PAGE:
SAS has its own programming language that resembles SQL (but, it’s not considered SQL-like), and it deploys a graphical user interface (GUI). There are GUIs for Python and R, but SAS’s is built-in rather than being primarily optional. However, to date, for everything you can do in Python and R — specifically related to data science — SAS also has similar, if not the same, capabilities. Honestly, it comes down to personal or industry-specific preferences and/or requirements. Since Python and R are open source, it’s far less costly to deploy those programming languages. Open source programming languages also have ample benefits associated with quickly incorporating the most up to date techniques (machine learning, AI, deep learning, etc.); whereas SAS and other software possess a more extended developmental latency period.
One of the SAS upsides is the dedicated support team that is available to answer user queries directly. R and Python do have community support mechanisms, such as Quora, Stack Overflow, and Reddit. But, the quality (and tone) of the responses are not as consistent as having access to a centralized and highly organized tech support team.
Where Can I Learn SAS?
As mentioned above, unlike its statistical analytics cousins — Python and R — SAS doesn’t hold the same level of popularity. Considering that Python is used in software development, it has broader application possibilities beyond merely being deployed as a statistical analysis tool. R was designed explicitly for implementing statistical techniques — whether basic or advanced — but R enthusiasts are now venturing into software engineering using R as their programming language of choice. The fundamental message here is that there are far fewer resources for learning SAS. There are learning avenues available, they’re just a bit more challenging to find (especially if you’re a budget conscious learner).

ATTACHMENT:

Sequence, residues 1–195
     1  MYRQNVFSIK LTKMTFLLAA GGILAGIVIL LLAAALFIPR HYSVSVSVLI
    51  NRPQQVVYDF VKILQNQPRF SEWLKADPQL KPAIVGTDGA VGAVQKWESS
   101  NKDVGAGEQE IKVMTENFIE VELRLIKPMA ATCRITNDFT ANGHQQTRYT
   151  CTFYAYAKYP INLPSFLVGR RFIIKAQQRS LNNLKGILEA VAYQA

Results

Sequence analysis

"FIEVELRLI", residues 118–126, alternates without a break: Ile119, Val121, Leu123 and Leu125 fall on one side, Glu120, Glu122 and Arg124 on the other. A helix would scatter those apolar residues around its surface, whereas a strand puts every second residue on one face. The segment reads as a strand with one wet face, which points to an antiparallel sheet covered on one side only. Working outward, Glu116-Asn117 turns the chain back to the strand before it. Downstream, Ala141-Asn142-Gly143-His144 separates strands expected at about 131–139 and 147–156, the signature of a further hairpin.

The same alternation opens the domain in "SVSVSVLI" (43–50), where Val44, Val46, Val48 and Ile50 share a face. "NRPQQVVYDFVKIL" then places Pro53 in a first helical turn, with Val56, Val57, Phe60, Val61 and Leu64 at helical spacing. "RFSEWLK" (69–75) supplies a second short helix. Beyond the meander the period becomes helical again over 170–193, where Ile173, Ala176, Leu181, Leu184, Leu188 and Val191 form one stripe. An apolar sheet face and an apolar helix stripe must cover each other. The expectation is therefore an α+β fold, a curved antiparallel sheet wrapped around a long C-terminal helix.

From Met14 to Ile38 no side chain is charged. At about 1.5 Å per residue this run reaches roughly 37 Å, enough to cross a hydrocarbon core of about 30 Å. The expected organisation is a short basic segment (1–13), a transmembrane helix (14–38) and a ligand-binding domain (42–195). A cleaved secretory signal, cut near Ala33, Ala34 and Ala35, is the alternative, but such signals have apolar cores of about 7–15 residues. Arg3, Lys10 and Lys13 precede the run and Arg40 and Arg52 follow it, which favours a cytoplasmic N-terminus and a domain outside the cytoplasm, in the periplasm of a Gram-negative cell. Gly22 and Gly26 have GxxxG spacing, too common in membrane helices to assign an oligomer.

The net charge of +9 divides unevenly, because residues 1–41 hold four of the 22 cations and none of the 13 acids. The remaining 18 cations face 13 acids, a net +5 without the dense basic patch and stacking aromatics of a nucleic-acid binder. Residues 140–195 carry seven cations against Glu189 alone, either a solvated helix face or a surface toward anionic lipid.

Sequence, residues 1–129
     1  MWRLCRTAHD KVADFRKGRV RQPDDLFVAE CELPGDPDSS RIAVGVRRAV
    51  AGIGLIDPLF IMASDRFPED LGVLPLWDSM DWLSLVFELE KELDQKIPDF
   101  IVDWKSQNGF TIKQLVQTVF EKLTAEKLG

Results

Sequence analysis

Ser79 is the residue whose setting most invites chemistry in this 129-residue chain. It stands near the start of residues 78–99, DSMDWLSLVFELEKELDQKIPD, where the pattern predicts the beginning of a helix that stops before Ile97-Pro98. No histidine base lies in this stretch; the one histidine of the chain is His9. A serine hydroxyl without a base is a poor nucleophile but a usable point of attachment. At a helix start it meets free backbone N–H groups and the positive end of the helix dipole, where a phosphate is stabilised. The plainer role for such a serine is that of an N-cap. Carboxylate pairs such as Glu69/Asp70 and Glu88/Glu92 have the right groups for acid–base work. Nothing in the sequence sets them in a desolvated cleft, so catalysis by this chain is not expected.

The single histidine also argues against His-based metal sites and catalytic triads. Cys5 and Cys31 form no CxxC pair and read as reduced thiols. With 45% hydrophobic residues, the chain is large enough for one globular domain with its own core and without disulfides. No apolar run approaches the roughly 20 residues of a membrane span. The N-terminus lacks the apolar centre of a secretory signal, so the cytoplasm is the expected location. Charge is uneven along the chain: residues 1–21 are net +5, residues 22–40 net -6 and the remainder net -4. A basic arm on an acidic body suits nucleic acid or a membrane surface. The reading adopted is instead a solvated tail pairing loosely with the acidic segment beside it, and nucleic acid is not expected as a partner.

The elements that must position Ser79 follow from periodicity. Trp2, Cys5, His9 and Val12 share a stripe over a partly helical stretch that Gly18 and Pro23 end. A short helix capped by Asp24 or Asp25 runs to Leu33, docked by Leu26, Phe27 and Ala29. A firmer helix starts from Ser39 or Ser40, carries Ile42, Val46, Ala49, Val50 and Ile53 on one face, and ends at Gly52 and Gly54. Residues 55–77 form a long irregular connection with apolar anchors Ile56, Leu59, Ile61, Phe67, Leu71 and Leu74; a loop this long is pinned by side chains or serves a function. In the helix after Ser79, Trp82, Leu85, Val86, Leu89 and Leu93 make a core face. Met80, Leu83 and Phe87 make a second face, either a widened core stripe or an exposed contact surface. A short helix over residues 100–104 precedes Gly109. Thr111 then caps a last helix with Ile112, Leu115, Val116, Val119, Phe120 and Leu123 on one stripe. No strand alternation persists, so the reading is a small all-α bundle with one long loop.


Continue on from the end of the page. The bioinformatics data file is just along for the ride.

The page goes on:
- YouTube: SAS has a YouTube Tutorial channel where learners who are interested in dipping their toe into the SAS pool can gain “how to” knowledge directly from the SAS Institute.
- SAS: SAS provides a selection of free e-learning resources that will take learners through the basics of SAS Programming, Data Management, Business Intelligence and Analytics, and SAS for Hadoop.
- Coursera: Wesleyan University offers a specialization in Data Analysis and Interpretation that allows learners to use SAS or Python to complete the assignments required for certification. A single course can either be audited for free, or the entire specialization can be completed for $49 per month.
- SASCrunch: SASCrunch Training offers a compendium of free resources for learning the ins and outs of SAS that incorporates static, step-by-step guides along with video tutorials and interactive learning modules. Beyond the SAS learning options indicated above, SASCrunch is one of the most comprehensive SAS learning tools available.
Prediction isn’t an easy task, and disruptive innovation is often a confounding variable when attempting to determine how an industry will evolve. One thing is for sure: data science tools will follow the evolutionary trajectory of the technology sector. SAS has had an extensive proof of concept spanning 40-plus years, making it less likely that the software will disintegrate into a mere memory of defunct technology. However, data scientists only have so many hours in a day to get their jobs done while also keeping up on the latest shiny tools promising to make their work easier and more efficient. While there are many positives to learning SAS, and continuing education is highly encouraged, breaking into a data science career means you may need to save your SAS adventure for when a particular job requires the software as a minimum qualification.